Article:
§ 2.15 a.m.
§ That this House takes notes of Commission Document No. R/1170/77 on seed and plant marketing.
§ The Report of the Scrutiny Committee has given us the opportunity in this debate to look at the EEC statutory seed certification arrangements, to consider how they are being developed, and to draw the attention of the House to various significant changes for which we have been working. Some of these changes are covered by the amending directive examined by the Scrutiny Committee; others we shall seek to have included when that directive is considered by the Council.
§ The House will be aware that in most developed countries schemes are in existence that offer a guarantee of seed quality and lead to the improvement of seed stocks through the certification of seed. The corner-stone of the system is the listing of varieties that have proved themselves in official trials and the subsequent absence from the market of those varieties that are of lesser value or that have been found not to retain their characteristics from one generation to the next.
§ On to this basis of high quality varieties —suitable for the particular conditions in which crops will be produced from the seed—is built a system of inspections of the crops to produce seed, testing and analysis of the seed before sale, and certification only of those stocks that meet the quality standards laid down. Apart from the checks and tests before certification, there are detailed controls over the sealing and labelling of the bags in which the certified seed is to be sold, and post-control checks through the growing of plots from samples taken from seed lots entered for certification.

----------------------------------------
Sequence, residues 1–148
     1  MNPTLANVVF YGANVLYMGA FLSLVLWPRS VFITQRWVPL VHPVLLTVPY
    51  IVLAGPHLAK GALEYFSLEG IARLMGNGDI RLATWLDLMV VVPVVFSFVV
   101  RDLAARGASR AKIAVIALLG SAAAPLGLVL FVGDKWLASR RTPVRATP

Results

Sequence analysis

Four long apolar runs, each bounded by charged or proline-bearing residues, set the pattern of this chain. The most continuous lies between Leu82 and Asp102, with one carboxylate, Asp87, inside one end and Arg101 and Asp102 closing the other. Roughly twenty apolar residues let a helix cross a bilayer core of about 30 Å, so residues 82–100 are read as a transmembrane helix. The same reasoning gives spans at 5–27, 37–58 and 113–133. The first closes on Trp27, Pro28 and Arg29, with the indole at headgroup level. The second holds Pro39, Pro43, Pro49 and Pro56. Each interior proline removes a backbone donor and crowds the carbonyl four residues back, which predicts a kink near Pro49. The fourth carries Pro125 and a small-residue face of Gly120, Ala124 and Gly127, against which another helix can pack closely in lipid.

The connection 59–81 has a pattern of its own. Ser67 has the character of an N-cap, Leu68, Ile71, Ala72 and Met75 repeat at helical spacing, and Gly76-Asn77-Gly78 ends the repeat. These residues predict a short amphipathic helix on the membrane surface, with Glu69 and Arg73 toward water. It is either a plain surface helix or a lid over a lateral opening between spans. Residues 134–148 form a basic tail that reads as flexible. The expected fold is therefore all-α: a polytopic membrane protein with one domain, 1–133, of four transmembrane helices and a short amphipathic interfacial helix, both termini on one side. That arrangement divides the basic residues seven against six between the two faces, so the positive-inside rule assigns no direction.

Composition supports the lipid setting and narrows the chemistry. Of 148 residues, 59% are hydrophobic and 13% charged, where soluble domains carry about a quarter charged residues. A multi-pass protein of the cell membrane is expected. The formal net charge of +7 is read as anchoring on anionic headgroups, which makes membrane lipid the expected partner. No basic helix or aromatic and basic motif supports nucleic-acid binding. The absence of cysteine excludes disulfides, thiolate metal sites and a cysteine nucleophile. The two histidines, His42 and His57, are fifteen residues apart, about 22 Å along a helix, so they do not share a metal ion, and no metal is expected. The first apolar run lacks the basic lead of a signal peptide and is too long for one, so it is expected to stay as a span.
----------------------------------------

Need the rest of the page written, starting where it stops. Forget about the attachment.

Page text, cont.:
§ These are the essentials of the system that has been operating on a statutory basis in the EEC for the most widely-used kinds of seed for the past 11 years. The United Kingdom had its own non-statutory arrangements for seed certifica- 514 tion before accession and, moreover, we had been very active in this vital area of the control of seed quality for more than 50 years. Our long and detailed experience has helped us to move from a purely voluntary to a statutory system with comparatively few and unimportant problems and I should like to take this opportunity of paying tribute to the excellent work of the United Kingdom Seeds Executive, whose firm and wise leadership in the transitional period has been of much benefit. Credit is due also to all sides of the seeds industry—breeders, growers and merchants—as well as to the officials of the National Institute of Agricultural Botany and of the agricultural departments for the contribution they have made to our relatively smooth adoption of the EEC system.
§ The legislative basis for the EEC arrangements is contained in a single directive dealing with the testing and official listing of seed varieties for agricultural use and a group of directives each of which applies the basic requirements of the statutory certification system —crop inspection, seed testing, sealing and labelling provisions—to a particular seed sector. Ignoring vine propagation, which is not applied in the United Kingdom, there are six of these marketing directives, and it is principally these directives that it is now proposed to amend. The amending directive is so long only because each amendment has to be included up to six times so as to apply the changes in all the places where it is appropriate to do so.